I Interview My Favorite Writing Teacher – Terrie Silverman

For the past ten weeks, I’ve taken a storytelling workshop by Terrie Silverman of CreativeRites.com. She’s the most inspiring writing teacher I’ve known.

Luke: “When you were a child, what did you want to be when you grew up?”

Terrie: “An actress. When I was five years old, and I saw Mary Poppins, that was it. I wanted to act, be English, and to fly.”

Luke: “Where did you grow up?”

Terrie, an only child: Every hot climate because my mother’s from Brooklyn. She divorced my father when I was an infant. He lived in Miami.

“I was born in Miami. Scottsdale. Chula Vista. And here (since ninth grade).”

Luke: “How encouraged were you to follow your dreams?”

Terrie: “My mother at an early age, I do credit her for introducing me to the arts, although try taking an eight-year old to the Old Globe Theatre to see Julius Caesar, I tried so hard to understand I just went unconscious.

“I took ballet. I was always in plays in school. The biggest thing I learned was that I would see this thing happen to my mother every Sunday night. I didn’t know the word depression but I thought it was connected to Monday morning. I learned you have to work your whole life. You better do something you love. My whole life, I’ve chosen art.”

Luke: “What did your mom do?”

Terrie: “She was a second grade teacher until she got burned out. Then she became a school psychologist, but she always wanted to be a writer.”

Luke: “What did she most want for you?”

Terrie: “To clean my room!

“To be fulfilled. To do what I love.”

“I wish I would’ve gotten guidance. I wish someone would’ve told me that it matters where you go to school. That your grades matter. I didn’t get any guidance. I didn’t get any pressure.”

Luke: “Was there any year of your childhood that was most significant?”

Terrie: “It seems that all my memories, everything that ever happened, a most exciting and tragic time, was when I was 14 and moved here to LA. My father had been ill with cancer. I knew he was going to die and so I was waiting. I was starting ninth grade [at Venice High School]. He died days before ninth grade started.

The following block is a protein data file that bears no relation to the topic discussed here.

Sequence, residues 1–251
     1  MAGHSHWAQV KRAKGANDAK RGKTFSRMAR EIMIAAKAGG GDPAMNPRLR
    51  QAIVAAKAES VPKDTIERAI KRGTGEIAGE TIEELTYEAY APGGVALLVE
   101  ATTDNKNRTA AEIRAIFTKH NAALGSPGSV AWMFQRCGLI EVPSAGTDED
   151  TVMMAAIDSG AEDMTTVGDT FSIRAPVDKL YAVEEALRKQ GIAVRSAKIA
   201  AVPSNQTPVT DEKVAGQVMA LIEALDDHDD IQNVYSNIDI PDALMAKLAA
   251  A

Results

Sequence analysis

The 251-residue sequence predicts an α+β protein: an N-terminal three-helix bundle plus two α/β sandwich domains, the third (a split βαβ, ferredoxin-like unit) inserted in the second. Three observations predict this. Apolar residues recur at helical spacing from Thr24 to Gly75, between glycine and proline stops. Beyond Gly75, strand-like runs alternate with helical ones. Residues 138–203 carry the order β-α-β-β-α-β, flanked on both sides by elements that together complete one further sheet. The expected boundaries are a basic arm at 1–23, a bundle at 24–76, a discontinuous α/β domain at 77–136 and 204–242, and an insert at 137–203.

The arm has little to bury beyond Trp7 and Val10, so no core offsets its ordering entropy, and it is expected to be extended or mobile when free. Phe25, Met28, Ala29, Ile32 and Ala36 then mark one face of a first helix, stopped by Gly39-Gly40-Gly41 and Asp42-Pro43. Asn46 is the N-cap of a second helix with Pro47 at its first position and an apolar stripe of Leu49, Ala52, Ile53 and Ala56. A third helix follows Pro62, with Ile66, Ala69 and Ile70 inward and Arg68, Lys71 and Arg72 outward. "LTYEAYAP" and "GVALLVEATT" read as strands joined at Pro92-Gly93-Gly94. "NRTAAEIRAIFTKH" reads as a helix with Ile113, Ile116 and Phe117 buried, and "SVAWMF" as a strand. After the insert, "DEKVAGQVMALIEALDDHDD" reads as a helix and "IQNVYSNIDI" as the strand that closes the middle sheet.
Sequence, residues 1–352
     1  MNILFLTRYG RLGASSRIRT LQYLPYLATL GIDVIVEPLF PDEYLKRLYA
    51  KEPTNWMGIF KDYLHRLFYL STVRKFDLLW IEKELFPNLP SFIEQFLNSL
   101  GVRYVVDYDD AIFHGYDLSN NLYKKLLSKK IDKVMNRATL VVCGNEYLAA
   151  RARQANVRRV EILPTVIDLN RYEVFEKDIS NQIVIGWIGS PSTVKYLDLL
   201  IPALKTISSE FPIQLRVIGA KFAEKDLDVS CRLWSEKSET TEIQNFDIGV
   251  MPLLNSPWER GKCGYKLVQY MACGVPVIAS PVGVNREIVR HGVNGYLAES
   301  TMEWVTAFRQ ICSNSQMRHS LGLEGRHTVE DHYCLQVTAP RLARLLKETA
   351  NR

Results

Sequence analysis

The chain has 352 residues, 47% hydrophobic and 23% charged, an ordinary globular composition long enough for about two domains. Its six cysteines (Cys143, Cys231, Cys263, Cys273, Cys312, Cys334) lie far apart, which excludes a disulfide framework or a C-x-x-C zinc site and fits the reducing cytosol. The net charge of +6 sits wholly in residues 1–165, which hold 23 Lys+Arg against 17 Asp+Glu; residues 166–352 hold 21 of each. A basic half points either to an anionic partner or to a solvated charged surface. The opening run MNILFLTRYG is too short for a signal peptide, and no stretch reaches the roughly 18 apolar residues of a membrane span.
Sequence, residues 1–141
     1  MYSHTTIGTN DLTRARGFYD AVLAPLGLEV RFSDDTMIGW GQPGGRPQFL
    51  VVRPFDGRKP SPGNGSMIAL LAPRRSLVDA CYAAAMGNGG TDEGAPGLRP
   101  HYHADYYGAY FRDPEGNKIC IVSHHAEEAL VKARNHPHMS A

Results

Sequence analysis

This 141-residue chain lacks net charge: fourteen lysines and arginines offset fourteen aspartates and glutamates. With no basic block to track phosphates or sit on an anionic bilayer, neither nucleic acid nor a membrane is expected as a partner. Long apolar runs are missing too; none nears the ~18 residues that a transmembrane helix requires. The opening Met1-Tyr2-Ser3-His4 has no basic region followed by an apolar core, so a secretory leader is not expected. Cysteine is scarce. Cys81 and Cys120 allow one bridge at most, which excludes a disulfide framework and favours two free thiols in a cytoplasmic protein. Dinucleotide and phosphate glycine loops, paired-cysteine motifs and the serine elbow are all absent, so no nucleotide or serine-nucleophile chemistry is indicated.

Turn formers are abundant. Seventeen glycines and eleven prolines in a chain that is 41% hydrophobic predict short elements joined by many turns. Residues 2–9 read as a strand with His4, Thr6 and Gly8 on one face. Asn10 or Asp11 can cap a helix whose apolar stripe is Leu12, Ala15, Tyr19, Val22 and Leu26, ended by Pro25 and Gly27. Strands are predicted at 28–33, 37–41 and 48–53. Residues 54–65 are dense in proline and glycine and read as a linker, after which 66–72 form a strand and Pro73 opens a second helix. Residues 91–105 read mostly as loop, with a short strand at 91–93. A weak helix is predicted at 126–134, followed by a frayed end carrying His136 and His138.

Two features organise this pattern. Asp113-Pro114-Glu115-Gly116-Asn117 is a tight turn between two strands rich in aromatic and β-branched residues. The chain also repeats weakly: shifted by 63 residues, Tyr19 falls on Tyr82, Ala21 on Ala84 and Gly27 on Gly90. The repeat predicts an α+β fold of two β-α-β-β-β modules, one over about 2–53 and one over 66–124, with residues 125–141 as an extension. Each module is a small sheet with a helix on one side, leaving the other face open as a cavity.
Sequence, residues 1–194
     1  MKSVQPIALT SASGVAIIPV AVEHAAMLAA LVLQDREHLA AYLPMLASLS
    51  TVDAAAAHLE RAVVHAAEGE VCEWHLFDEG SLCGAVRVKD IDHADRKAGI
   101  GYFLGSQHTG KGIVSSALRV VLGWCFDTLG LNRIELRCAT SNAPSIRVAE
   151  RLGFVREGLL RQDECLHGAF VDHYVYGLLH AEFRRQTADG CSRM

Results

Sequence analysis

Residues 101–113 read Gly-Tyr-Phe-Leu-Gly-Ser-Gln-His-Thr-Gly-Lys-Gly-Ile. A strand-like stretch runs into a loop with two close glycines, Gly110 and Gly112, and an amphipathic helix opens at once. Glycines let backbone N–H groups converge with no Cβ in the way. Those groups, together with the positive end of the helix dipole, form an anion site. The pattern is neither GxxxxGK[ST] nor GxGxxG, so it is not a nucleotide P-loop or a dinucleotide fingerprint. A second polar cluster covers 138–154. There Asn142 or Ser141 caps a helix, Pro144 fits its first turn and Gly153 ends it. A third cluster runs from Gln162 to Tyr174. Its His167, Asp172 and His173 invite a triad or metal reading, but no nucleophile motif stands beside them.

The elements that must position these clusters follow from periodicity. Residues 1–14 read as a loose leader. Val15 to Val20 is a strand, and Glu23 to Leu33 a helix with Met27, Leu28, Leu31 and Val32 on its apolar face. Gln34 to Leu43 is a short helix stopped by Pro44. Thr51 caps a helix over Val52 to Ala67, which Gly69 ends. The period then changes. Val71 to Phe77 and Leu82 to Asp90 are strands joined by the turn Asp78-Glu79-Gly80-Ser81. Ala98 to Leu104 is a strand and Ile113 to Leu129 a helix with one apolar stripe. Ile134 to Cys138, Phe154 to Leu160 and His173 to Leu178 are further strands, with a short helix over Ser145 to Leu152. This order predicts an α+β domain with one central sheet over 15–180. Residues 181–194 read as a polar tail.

“I was the new kid in school. I always felt like a martian, being Jewish, having a divorced parent, no brothers and sisters. I though this is going to be make me more weird. Even though I adored my father, I didn’t want to tell anyone. I found that all I had to say when anyone asked about my father was, ‘They’re divorced’ and then no more questions.

“At the same time, I met this great group. And they all loved the Beatles. This was the seventies but they pretended it was the sixties and they’d sing Beatles songs at lunch. I thought, I’m not going to make myself like the Beatles just to fit in. I’d tried to do that the previous summer with Chicago with my summer best friends and I could not make myself like Chicago.

“The girl who ended up being my best friend [Liz]. One day she brought over some Beatle records. She put on the Red Album and my ears opened up and all of a sudden I could hear the bass line and the melody line and that was it. I just fell in love with the Beatles.

“I had this great group. It was the funnest time of my life. The most social time at such a pivotal age. Then Liz and I both loved Allen and then Allen picked Liz. I would always cry about that. Then I’d come home and I had pictures of the Beatles and Paul McCartney all over my room. And I’d tell Paul about Allen.

“I knew that if I could make myself older and go back in time, Paul would love me. As an only child, it was so easy to pretend.

“It was such an exciting time, even though I cried a lot.

“Liz and Allen noticed that I never talked about my father. Allen thought my father was in prison, that he was a convict, that he was in prison for murder.

“On the last day of school, we decided we would tell each other our worst secrets. So we sat on my rainbow comforter in my bedroom. Liz told me that her father dropped acid. Then I told them my father had died.”

“I adored my father. I just wanted to get to know him. I always thought of him as my prince. I could only see him summers. I’d spend all year looking forward to seeing him.”

“My parents never said one bad word about each other.”

Terrie got her BA in Film/TV from Cal-State Northridge and her MFA in Writing from USC.

Luke: “Was there a moment in your life when you realized that your life would be about writing?”

Terrie: “It’s ironic because all through school, I was paralyzed when I tried to write. It made me feel so awful. I’d get stuck. I’d cross out all the ideas I had. So many reports I didn’t turn in. In college, Mary Newton wrote all my college papers. I did the research, we’d do the research together, but I’d get so blocked. Then I’d eat so many donuts I thought I would die and then I didn’t write at all.